modify it with a computer. After, through the USB connection on the front panel, everything can be loaded
into the on-board memory.

The saveable current memory shall have the following characteristics:

it can be made up of 10 steps at the most


in each of the steps, the operative discharge mode is constant current
the maximum current for each step shall not exceed the maximum dischargeable from the
configuration being used
the maximum length of each step is, at the most, 600 minutes
the minimum duration of each step is equal to 1 minute (or 0 if the step is not used)

The current profile is built with the computer; the current and duration values are entered into a table for
each step; at the same time, on the side, a graph immediately shows the temporal trend and the calculation
of total duration and total capacity which shall be discharged at the end of execution.

Choosing the SEE PROFILE option, the display will show:

Document: MDB-II User Rev.3.0.0 Date: 21/03/2011


External Current

In this menu, it is possible to indicate to the MDB-II if there is a DC current clamp (or a shunt) or not, used to
measure an external discharge current, not controllable by the MDB-II, and its characteristic parameters.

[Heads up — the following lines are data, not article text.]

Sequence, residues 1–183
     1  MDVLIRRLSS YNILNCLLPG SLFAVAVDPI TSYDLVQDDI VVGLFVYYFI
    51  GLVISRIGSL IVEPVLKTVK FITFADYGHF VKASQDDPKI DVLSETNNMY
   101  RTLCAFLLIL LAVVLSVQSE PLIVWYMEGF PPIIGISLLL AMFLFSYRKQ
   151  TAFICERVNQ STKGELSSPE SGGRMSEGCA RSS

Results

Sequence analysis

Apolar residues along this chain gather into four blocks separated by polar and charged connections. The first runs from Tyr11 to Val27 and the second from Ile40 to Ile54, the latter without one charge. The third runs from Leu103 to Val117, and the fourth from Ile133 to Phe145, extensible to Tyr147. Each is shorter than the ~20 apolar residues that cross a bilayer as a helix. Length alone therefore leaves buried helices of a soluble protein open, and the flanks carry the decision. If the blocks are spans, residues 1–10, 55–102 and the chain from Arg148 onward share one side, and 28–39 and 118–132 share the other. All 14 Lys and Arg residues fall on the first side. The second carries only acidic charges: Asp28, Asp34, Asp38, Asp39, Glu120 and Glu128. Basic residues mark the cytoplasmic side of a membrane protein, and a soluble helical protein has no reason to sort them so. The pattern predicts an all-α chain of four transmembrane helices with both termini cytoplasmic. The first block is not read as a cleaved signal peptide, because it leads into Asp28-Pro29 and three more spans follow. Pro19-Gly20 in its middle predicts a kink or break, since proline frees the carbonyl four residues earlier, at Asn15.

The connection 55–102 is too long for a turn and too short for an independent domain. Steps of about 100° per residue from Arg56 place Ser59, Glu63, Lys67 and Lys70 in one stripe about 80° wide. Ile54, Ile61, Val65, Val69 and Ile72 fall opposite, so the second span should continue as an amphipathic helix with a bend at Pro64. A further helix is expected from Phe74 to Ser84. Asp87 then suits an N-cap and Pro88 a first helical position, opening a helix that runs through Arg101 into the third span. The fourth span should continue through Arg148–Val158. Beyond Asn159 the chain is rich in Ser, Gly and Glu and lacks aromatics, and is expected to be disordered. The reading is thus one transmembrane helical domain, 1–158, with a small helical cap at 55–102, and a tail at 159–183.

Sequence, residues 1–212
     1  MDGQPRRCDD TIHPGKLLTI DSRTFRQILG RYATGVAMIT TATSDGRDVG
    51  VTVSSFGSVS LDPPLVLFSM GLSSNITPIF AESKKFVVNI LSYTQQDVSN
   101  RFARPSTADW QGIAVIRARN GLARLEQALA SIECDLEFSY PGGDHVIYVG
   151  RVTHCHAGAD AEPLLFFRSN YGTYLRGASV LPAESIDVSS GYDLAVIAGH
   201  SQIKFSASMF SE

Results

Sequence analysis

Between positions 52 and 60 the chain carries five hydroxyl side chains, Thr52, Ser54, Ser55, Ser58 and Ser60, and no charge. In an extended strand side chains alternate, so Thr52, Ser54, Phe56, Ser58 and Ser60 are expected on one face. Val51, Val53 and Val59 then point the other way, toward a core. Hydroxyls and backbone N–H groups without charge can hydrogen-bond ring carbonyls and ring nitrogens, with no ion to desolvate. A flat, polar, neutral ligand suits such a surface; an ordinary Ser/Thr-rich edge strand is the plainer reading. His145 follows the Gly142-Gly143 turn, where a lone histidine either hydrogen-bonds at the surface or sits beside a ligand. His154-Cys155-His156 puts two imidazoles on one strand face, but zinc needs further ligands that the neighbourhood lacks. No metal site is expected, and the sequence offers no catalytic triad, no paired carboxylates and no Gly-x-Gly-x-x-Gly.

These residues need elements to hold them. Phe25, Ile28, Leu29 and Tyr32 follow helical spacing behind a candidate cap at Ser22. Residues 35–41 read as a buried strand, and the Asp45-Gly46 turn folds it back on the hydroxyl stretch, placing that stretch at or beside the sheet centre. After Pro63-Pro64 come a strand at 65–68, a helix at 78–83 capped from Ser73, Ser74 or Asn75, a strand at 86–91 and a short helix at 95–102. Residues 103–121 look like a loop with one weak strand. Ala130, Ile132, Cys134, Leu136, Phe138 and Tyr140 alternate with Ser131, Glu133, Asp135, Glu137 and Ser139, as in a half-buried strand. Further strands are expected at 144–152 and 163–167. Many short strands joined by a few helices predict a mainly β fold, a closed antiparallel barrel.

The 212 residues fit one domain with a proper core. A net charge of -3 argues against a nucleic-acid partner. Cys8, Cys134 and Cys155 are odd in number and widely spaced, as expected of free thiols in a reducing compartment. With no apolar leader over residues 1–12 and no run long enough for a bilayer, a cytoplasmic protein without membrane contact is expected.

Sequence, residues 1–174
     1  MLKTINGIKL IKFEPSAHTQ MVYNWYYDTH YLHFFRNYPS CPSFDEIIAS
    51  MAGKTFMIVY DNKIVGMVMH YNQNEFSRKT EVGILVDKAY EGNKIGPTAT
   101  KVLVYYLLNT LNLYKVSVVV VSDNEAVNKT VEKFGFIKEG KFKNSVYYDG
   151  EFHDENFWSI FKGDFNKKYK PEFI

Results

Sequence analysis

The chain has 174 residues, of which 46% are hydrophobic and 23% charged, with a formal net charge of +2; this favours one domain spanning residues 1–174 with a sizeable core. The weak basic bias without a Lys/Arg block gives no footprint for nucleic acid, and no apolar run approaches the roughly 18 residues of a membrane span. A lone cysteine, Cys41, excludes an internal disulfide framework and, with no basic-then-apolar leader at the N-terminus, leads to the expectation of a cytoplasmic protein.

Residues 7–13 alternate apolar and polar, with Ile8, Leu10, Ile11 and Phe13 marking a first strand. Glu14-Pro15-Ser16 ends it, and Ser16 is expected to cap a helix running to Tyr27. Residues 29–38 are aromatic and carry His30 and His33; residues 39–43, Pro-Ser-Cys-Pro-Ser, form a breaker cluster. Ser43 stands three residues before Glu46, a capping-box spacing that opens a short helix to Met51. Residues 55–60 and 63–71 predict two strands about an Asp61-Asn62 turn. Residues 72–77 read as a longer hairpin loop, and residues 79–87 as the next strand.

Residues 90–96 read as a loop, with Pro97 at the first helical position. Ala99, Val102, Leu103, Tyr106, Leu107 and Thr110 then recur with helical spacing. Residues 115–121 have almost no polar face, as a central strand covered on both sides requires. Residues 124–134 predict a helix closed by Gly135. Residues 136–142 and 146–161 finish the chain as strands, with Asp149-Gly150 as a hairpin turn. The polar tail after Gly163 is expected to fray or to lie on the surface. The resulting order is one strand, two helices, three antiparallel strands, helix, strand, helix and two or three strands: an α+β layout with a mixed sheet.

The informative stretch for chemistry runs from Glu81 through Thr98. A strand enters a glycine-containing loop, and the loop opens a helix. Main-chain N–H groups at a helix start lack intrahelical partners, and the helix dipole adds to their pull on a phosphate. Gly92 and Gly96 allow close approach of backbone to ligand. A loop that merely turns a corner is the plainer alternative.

During a battery discharge, it often occurs that a non-removable charge (for example an inverter) is
connected in parallel to the battery; in this way the battery discharge current measured by MDB-II is surely
incomplete, in that it does not take into account the further share of current drawn from this external charge.
On the other hand, connecting a DC current clamp (or a shunt) onto the cables that supply the energy to this
external charge, it is possible to correctly calculate the total discharged current.
When an external current measure is taken, the MDB-II shall regulate its internal discharge current so that,
added to the current read from the clamp (or shunt), the total current set on the display is discharged.
For this reason, pay attention so that, during the discharge, the MDB-II does not come to non-controllable
conditions (for example, an external current higher than that which was set).

With this menu, it is possible to indicate to the system:

if it should take into account the external reading or not


indicate the relationship between the read current (in amperes, with a resolution of 1 ampere and a
maximum value of 10 amperes) and the output voltage (in mV, with a resolution of 1mV)